Friday, September 23, 2011

5K walk raises awareness for PTSD after suicide by Fort Collins soldier who was treated at Cheyenne VA

Here's a sobering statistic from a story in the Fort Collins Coloradoan:
The Veterans's Administration Regional Medical Center in Cheyenne "in fiscal year 2011 (through July) had 1,954 veteran patients with PTSD, comprising 10.7 percent of the veterans seen, according to VA spokesman Andrew Ruben."
That breaks down to almost 200 patients a month being treated for PTSD. And that's only at one VA Center in our little corner of the world.

U.S. Army Spc. Nicholas Larson of Fort Collins was treated for PTSD at the Cheyenne VA. It wasn't enough. Larson, a 22-year-old Iraq War veteran, killed himself May 12, 2010, leaving behind a wife and son, among other loved ones.

Elizabeth Larson-Haag (sister) and Larson's mother, Monica Meisner, have since started A Soldier's Silent Cry, a petition for the U.S. military to require that troops who have served overseas undergo regular mental-health evaluations.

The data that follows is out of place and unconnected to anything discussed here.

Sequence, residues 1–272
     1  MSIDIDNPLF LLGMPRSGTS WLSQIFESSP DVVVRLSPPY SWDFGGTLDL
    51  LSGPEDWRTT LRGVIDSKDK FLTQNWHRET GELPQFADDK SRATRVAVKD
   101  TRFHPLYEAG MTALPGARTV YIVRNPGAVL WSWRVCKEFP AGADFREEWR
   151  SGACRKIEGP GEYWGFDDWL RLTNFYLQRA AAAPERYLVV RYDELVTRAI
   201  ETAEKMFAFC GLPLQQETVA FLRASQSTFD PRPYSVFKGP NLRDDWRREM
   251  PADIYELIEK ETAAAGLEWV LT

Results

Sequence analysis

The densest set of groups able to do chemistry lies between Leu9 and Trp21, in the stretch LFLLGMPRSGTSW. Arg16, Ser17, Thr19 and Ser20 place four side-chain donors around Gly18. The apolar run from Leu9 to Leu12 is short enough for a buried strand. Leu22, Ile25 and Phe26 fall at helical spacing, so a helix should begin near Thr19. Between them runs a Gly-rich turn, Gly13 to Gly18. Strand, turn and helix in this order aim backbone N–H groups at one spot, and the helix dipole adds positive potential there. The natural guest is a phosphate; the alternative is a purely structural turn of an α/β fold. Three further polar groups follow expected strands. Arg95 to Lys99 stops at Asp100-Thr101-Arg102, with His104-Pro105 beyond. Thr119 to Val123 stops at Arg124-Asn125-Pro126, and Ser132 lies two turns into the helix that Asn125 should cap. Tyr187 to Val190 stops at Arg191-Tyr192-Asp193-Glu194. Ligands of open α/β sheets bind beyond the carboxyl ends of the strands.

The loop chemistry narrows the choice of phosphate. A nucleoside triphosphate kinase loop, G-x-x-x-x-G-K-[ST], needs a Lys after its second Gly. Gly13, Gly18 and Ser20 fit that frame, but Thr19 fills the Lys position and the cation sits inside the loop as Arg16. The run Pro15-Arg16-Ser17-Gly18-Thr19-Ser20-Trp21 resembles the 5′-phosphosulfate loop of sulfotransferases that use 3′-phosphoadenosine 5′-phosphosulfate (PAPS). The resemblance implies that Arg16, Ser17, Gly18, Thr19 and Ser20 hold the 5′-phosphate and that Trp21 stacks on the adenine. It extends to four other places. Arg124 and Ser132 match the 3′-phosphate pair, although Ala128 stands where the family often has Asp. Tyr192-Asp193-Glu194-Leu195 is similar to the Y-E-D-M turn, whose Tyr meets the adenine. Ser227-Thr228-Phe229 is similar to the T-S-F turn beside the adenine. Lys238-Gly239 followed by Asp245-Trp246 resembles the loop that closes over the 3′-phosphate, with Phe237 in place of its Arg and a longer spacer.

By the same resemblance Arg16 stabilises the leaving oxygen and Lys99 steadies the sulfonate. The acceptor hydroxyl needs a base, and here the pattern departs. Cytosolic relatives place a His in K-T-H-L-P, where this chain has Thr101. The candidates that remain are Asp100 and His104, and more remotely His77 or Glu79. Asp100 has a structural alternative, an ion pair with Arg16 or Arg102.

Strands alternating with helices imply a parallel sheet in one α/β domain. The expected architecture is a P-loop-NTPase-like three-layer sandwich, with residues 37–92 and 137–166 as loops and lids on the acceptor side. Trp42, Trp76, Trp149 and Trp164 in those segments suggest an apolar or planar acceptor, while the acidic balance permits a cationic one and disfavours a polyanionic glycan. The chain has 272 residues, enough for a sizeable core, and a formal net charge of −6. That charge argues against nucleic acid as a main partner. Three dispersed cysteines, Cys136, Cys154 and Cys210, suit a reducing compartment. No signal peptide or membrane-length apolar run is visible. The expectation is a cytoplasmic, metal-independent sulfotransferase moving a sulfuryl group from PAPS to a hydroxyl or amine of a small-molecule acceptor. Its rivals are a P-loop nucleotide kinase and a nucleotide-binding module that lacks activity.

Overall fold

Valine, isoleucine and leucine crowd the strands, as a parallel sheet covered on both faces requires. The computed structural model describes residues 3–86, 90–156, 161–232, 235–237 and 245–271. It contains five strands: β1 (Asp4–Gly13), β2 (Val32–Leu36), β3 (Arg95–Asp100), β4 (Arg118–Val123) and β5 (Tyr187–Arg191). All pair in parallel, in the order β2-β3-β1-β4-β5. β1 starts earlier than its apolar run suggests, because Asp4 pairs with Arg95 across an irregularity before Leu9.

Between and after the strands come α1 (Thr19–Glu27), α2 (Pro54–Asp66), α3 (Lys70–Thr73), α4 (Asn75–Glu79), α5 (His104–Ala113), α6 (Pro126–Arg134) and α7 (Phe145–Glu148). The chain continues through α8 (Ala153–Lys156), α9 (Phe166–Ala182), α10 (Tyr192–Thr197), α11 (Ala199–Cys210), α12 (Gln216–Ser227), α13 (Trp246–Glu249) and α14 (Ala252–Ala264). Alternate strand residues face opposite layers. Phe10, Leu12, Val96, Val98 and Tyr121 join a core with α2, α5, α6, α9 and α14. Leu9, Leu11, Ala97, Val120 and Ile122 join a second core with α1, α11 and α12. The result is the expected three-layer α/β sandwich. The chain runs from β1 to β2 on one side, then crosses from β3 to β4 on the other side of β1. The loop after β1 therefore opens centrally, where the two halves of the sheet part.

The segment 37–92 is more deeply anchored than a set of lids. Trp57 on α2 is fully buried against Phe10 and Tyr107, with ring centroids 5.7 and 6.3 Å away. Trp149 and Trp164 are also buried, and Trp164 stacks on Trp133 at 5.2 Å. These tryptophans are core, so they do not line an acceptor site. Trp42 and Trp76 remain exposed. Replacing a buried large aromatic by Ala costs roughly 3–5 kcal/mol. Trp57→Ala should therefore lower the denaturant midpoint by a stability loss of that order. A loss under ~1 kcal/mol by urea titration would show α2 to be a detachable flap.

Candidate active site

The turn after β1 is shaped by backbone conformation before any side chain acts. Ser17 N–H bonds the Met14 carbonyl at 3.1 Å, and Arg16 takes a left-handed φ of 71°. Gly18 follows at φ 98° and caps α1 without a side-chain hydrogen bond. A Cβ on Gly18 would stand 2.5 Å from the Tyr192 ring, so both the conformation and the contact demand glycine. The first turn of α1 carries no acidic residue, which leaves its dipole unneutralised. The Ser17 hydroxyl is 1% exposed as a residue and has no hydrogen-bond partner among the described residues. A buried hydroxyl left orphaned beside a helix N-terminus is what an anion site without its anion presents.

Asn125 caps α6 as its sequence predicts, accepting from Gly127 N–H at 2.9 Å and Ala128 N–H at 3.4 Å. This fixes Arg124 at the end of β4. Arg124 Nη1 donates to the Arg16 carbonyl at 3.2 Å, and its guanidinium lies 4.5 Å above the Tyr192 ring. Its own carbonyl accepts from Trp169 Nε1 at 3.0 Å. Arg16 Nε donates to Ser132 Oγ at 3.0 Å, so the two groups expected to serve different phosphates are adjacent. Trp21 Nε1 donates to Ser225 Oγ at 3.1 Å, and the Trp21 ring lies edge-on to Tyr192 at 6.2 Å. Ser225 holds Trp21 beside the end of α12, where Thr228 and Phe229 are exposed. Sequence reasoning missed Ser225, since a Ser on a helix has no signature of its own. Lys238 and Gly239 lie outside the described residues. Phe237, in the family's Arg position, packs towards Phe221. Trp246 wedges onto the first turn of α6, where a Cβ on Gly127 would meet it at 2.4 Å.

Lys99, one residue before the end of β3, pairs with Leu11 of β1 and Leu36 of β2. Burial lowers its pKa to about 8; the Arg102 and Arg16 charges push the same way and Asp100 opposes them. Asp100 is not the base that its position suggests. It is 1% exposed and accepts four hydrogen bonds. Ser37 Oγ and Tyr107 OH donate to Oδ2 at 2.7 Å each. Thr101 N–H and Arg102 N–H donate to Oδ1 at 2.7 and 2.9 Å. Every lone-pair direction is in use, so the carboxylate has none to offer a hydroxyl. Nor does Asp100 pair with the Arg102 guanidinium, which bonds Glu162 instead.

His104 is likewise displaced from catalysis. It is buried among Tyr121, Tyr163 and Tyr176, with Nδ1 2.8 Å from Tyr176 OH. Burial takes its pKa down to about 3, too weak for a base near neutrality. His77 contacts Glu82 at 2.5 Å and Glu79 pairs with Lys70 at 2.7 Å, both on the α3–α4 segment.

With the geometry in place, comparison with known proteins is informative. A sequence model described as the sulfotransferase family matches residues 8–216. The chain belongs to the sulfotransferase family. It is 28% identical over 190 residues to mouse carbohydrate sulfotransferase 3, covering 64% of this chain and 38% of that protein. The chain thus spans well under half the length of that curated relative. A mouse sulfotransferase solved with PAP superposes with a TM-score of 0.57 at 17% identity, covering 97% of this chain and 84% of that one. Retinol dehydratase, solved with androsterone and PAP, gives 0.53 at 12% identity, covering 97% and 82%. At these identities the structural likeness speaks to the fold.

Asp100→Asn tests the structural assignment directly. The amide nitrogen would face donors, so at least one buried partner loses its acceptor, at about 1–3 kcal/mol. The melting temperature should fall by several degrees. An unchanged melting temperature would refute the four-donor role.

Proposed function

They are organizing a 5K run/walk that walk starts at 10 a.m. Sunday beginning and ending at Veterans Plaza at Spring Canyon Park in Fort Collins. Contributions benefit Tragedy Assistance Program for Survivors, which helps people who have lost loved ones in the military.

More staggering stats:
PTSD affects 11 percent to 20 percent of veterans of the Iraq and Afghanistan wars, according to the U.S. Department of Veterans Affairs' website.
Ruben at the Cheyenne VA said veterans struggling with PTSD can find assistance at their local medical center, which can be found at or by calling the 24/7 Veteran Combat Call Center at (877) 927-8387.

For more information about registering for the walk or the petition, visit or call (970) 581-7905.

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